My introduction to angular.js

Angular JS

For me, the process of making websites has changed a lot in the 15 years I’ve been in the business. HTML, CSS and JQuery are still the preferred languages of UX Designers and Frontend Developers like myself. Why? Simply because these are the languages that the web browser renders, this is the output you see in your viewport. How that output gets there and the rich level of interaction that website apps now present to the user is where we’ve seen the biggest changes and developments. I worked in an e-commerce company for 4 years prior to returning back to freelance work, there we used asp.net repeaters to retrieve data from our databases and present them as html pages, we injected data into those databases using C#. I kept hearing about this other structural framework called Angular.js so I thought i’d take a brief look to see what all the fuss is about.

Angular is more than a Java Script library

Anyone who has worked in the Frontend of websites and apps will have used plenty of JQuery. It’s our ‘go to’ library of Java Script that saves us heaps of time and allows us to add a nice level of user interaction to our pages, so to see the extention .js on the end of “Angular” is a reassuring and familiar sight. The we open it up for the first time and discover it’s a whole lot more. As the angular.io state;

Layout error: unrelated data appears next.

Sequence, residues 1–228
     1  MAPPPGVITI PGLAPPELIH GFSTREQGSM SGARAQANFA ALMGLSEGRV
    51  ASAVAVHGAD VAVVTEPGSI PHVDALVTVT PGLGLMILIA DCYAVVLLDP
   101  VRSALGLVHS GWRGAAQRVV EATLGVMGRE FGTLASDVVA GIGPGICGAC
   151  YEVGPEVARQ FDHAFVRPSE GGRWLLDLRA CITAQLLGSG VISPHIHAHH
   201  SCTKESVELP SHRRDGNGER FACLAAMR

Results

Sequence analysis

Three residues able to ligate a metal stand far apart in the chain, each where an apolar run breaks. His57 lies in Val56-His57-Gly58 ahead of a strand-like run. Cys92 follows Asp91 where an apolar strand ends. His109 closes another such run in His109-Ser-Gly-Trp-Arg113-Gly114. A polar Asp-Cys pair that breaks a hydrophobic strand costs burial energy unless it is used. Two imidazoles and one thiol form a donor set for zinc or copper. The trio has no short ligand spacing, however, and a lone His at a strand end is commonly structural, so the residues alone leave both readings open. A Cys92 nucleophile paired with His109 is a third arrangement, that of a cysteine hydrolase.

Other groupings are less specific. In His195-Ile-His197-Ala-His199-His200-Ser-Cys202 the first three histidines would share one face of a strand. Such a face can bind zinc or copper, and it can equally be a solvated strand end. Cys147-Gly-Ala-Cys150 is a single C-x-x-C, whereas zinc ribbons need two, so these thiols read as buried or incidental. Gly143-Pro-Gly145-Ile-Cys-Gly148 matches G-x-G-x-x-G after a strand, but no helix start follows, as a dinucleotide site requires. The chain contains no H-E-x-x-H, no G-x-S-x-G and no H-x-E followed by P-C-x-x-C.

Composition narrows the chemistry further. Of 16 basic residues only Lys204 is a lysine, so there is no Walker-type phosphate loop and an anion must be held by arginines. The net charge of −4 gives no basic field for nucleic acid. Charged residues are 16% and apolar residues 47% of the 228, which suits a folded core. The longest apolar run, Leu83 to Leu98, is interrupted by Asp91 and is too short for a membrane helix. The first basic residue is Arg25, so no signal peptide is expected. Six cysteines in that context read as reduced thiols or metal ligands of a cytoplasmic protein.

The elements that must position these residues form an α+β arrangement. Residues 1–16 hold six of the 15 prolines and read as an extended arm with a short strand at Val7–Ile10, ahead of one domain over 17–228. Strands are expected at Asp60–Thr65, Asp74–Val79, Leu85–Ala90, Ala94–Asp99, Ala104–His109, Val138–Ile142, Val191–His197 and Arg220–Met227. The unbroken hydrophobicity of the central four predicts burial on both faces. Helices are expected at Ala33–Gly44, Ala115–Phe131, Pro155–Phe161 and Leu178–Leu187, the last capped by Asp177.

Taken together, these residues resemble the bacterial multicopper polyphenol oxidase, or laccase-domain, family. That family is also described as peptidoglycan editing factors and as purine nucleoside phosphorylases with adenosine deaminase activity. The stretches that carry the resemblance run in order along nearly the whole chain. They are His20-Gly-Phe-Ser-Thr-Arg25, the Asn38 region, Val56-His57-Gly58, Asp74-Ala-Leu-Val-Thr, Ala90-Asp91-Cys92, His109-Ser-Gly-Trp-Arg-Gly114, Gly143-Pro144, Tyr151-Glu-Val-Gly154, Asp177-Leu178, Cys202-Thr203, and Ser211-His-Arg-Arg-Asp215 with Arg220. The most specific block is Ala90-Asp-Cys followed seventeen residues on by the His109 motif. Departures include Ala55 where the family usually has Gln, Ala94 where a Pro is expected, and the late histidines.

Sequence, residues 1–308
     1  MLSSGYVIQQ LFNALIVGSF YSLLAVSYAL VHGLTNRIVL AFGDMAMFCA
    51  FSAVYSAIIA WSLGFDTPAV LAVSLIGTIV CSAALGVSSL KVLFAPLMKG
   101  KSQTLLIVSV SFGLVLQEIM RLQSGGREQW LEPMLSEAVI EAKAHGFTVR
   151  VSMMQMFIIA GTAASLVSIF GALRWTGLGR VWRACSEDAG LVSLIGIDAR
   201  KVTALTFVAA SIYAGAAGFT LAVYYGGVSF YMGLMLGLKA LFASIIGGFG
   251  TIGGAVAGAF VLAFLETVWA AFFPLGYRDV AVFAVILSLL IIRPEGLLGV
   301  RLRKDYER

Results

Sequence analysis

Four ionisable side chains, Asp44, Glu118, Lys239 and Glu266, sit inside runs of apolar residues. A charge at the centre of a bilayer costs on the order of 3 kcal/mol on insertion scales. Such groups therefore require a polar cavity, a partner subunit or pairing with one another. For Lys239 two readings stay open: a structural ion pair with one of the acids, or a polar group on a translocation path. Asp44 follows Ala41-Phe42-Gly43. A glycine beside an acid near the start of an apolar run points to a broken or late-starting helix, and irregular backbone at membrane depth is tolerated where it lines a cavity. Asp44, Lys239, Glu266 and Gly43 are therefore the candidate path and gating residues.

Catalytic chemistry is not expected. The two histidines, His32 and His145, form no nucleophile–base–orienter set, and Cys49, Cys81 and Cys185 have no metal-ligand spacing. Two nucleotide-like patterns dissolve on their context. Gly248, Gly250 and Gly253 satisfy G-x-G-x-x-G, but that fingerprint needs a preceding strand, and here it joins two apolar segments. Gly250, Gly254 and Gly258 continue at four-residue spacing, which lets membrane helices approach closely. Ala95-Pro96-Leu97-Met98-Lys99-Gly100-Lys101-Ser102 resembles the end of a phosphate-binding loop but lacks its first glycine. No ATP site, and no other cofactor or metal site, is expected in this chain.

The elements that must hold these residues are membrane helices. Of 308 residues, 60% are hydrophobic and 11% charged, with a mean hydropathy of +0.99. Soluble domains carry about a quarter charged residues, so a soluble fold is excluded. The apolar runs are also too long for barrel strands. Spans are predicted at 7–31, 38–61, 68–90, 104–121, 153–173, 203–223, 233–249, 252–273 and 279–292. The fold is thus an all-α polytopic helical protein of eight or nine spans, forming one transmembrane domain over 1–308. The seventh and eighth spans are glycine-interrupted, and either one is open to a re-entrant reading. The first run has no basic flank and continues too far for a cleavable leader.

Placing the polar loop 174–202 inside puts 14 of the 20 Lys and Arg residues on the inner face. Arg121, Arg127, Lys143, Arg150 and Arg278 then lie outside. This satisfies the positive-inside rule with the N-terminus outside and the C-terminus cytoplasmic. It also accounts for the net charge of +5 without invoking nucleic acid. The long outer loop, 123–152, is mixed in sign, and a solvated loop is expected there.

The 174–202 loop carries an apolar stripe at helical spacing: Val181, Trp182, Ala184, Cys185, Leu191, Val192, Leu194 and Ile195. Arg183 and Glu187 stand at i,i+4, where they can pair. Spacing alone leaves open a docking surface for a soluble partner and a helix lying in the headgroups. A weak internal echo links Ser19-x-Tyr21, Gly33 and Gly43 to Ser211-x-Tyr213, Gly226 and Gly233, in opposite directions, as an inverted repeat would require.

“Angular is a platform that makes it easy to build applications with the web. Angular combines declarative templates, dependency injection, end to end tooling, and integrated best practices to solve development challenges. Angular empowers developers to build applications that live on the web, mobile, or the desktop”

Angular empowers a Frontend Developer

In simple terms Angular brings complicated backend functionality (usually reserved for people who understand and write code such as C#) into the frontend. At a first glimpse it’s not too dissimilar to something like asp.net

asp repeater
A typical asp.net repeater used on an e-commerce website

In a simple “Hello World” index document we can see our first glimpse of how Angular (much like asp.net) allows us to present data from a source and render it on the page as html output. Of course the app/controller could contain any kind of javascript functions, iterations or objects.

Angular Code
Angular source code that is injected into our html page
The HTML markup (note the attributes and reference the angular source {{message}} )
The rendered browser html output
The rendered browser html output

Two Way Bindings

So we’ve seen how Angular can retrieve some data and present it on a page much like asp.net. Now lets look at a simple two way binding that demonstrates how Angular can also add a rich later of interaction that can open the possibility of injecting data back into a database from it’s application.

Presenting some different input fields using scopes in Angular
Angular reading and presenting the user input interaction.

Amazing right! All of this without a line of C# being written. I’ll look forward to taking this much further in my next blog post.

A very small draw back

angular js is built upon node.js. It can easily be set up for local development by installing node on your machine and running as a local server. If like me you;re used to developing WordPress sites for small businesses you’ll find they often use cheap, shared web hosting. I’m yet to find a shared hosting provider who will allow you to install node.js on their server. So keep in mind angular.js is more likely to be reserved for your larger clients.

Check back soon for more of my experiments with angular.js.